Saudi media is preoccupied with the phenomenon (threat?) of women’s driving. Today, we have scattered stories, ranging from Manal Al-Sharief’s withdrawal from the women’s driving protest as she seeks to get out of jail, to an op-ed seeing this movement as ‘Arab Spring Lite’.
This Saudi Gazette story about Manal’s pulling back also reports on a strange allegation carried in the Arabic daily Al-Watan that she was ‘put up to it’ by unnamed women in jail with her. She was in jail before she was detained for driving? If so, that’s a rather important detail to have been neglected. This aspect of the story needs a lot more explaining as from here it looks like an attempt to trash her reputation and to cast the enterprise as the work of ‘foreign agents’, a typical ploy used by cultural conservatives to denigrate anything that suggests change. Manal Al-Sharief denies the allegations.
Al-Sharief to withdraw from driving campaign
DAMMAM: Manal Al-Sharief, the 32-year-old Saudi woman detained for driving a car in Al-Khobar Saturday, intends to withdraw from the campaign for women to drive, a source at the National Society for Human Rights (NSHR) said Tuesday. The source said members of the NSHR met with Al-Sharief at Dammam’s Women’s Prison for 90 minutes and described her condition and treatment as “good”.
“Manal wants to be released,” the source said. “She said the investigation had been carried out and that she will withdraw from the campaign calling for women to drive cars.” The source added that the NSHR had contacted the Ministry of Interior requesting Al-Sharief’s release.
Arab News has a peculiar op-ed with a headline that baffles me. What ever does Saudi women’s driving have to do with NASCAR (National Association of Stock Car Auto Racing, an American racing institution)? While there are few female drivers in NASCAR, I can’t see how there’s any parallel with women’s driving in Saudi Arabia. Still, the piece makes a few points and provides links to the Facebook and Twitter groups growing around the protests.
Will Saudi women drivers make Nascar nervous?
This could be the most peaceful variant of The Arab Spring we have seen to date. Or it could turn out to be very painful. And very scary.
The big event will take place in Saudi Arabia. There, from June 17 onward, hundreds of women will be — wait for it — driving their own cars. No male family members. No professional drivers. Just women. Driving.
To pull this off without ending up in the slammer, the women came up with an idea: “What if we set a date where any woman around Saudi who has a driver’s license” can go in public and drive? We are hoping to collect as many supporters as we can, if we succeed of collecting 100s in major cities, and all of them start driving June 17 and forward, it will be so much hectic for authorities and it will force them to look at our issue.”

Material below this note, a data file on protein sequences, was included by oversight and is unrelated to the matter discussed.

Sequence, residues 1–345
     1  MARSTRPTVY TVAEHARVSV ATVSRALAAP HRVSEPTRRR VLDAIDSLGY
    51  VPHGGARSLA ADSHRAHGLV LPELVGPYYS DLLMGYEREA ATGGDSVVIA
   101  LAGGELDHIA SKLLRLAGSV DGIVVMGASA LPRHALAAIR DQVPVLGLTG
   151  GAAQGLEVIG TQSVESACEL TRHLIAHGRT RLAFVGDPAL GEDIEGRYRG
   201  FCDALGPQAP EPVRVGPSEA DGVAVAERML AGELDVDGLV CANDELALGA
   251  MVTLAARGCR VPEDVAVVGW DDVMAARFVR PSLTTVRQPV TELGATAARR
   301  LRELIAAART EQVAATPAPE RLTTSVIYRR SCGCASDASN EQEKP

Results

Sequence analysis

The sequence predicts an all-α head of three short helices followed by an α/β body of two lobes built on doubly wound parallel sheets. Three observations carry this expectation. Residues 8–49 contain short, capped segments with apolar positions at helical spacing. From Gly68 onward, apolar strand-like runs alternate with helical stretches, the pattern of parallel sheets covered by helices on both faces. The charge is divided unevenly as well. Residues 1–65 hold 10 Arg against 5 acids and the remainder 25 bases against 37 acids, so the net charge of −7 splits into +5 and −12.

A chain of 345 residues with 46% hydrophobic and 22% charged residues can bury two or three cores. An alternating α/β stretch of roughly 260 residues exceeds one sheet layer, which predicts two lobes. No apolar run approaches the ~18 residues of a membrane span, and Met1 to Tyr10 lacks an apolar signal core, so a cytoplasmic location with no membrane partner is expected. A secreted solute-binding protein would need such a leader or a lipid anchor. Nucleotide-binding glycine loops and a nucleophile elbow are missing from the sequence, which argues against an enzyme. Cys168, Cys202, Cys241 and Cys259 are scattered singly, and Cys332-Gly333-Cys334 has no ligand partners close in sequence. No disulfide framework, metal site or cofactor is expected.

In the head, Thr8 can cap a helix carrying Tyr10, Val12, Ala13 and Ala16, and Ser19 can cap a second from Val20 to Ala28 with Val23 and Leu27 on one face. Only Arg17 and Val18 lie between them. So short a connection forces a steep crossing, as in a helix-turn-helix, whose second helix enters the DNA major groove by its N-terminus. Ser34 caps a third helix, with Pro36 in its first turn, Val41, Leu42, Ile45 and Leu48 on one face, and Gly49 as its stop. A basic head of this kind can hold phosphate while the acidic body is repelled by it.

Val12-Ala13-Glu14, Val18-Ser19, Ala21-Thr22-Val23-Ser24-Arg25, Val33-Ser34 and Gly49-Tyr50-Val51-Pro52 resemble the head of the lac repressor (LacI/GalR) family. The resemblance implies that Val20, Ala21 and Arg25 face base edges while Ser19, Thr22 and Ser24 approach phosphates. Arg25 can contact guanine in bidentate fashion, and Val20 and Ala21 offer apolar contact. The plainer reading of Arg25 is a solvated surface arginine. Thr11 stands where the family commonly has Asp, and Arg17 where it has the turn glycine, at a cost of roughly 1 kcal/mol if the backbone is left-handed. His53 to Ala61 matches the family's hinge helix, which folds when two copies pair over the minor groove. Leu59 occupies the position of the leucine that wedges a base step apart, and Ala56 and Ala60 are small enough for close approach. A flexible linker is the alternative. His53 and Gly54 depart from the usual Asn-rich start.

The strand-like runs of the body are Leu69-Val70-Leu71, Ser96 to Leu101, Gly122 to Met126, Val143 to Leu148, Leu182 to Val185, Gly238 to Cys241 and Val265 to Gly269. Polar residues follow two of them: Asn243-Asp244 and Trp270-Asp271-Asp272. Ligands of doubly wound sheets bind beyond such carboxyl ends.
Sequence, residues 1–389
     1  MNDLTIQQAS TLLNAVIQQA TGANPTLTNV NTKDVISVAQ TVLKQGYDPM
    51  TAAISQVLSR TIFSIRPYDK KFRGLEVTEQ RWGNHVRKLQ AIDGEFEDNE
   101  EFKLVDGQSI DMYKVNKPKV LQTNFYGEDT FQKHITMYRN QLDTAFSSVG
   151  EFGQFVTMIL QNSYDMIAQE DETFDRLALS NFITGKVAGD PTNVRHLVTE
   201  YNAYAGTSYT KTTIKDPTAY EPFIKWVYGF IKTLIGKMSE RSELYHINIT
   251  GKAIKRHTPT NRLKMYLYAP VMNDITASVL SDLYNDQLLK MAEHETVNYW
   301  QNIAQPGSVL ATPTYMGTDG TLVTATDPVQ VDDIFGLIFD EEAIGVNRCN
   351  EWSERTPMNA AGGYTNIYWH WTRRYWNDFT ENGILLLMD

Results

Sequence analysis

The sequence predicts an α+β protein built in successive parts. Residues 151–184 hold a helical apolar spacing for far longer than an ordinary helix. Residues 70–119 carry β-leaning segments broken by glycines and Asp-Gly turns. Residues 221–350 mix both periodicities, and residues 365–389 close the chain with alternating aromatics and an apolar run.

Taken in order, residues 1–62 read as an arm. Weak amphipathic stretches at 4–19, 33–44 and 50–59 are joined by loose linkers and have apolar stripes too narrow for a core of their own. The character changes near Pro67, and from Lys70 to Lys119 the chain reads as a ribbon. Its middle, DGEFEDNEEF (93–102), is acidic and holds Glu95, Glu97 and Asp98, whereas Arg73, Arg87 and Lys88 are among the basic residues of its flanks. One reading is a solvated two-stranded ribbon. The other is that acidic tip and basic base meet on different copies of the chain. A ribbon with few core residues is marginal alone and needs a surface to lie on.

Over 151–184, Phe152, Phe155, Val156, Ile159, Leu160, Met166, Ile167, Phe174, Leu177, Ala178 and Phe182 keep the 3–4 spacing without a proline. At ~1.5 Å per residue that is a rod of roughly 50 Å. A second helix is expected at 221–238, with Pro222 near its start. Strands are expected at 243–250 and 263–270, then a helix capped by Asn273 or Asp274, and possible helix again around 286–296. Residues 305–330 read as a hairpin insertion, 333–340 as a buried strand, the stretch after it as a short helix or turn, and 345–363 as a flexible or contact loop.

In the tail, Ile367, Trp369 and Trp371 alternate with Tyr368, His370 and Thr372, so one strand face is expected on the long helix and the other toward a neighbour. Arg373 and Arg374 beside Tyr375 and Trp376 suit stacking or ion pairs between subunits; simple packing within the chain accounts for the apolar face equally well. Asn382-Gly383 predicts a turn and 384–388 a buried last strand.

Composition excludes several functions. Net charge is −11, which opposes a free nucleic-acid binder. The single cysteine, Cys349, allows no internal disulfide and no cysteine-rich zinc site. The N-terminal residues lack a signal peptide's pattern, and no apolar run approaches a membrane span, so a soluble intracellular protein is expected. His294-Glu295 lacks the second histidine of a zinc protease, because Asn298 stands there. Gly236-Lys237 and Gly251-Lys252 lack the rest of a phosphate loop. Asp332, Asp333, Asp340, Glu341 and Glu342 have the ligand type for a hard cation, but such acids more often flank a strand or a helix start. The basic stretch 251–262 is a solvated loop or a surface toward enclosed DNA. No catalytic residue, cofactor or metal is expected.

They explained further: “We are not demonstrating or going out in groups. It will be individual act and we asked all brave women who will participate to video tape themselves and post it on our Facebook page for the rest of the world to see and to prove that we can do it and to encourage those who are afraid to take that step.”
A spokesperson for the group — known as “Women 2 Drive” — said, “We tried and tried to get our voice heard, but we have been faced with ignorance, it’s time we simply take an action until they accept sitting with us on the same table… and listen.
Meanwhile, in Buraidah, an archly-conservative city in Qassim province, a woman was detained while driving. After she was hauled off to the local office of the Commission for the Promotion of Virtue and Prevention of Vice, she had to undergo the ritual humiliation of having her male guardian come in to get her released after she signed an ‘undertaking that she would not drive again.’
The question still remains, though: If there is no law prohibiting women from driving—and we are constantly assured that there is no such law—then under what law, under what authority are these women being arrested? An Arab News article says that Al-Sharief was arrested for breaking ‘general rules’. What, pray tell, are ‘general rules’? They’re not written, so are they simply understood from birth? Are they uniform across all regions? (Clearly not, as the fact of women driving in Asir makes clear.) Or are they simply an authoritarian club, convenient to use whenever someone with a modicum of power feels threatened?
In its coverage of the story, Asharq Alawsat points out that no one can seem to find either religious or civil laws that prohibit women’s driving. It may take, however, an act of government to codify the law, to put it in black and white.
It really is time for the government to clarify the situation. It needs to either write a law proscribing women’s driving or it needs to make it perfectly clear to police, both civil and religious, that these women are within their rights and are not to be prosecuted/persecuted.